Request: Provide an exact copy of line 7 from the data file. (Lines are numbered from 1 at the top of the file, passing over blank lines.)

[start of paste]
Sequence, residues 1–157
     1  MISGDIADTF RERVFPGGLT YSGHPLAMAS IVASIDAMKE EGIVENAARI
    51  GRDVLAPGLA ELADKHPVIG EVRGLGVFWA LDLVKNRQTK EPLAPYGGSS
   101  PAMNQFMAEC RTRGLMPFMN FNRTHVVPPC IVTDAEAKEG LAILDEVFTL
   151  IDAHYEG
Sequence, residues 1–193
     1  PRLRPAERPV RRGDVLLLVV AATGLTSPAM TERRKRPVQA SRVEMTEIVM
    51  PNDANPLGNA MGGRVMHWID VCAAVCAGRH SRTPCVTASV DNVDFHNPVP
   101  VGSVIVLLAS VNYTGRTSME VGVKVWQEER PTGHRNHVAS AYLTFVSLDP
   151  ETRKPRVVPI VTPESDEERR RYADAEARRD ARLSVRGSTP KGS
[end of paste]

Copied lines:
     1  PRLRPAERPV RRGDVLLLVV AATGLTSPAM TERRKRPVQA SRVEMTEIVM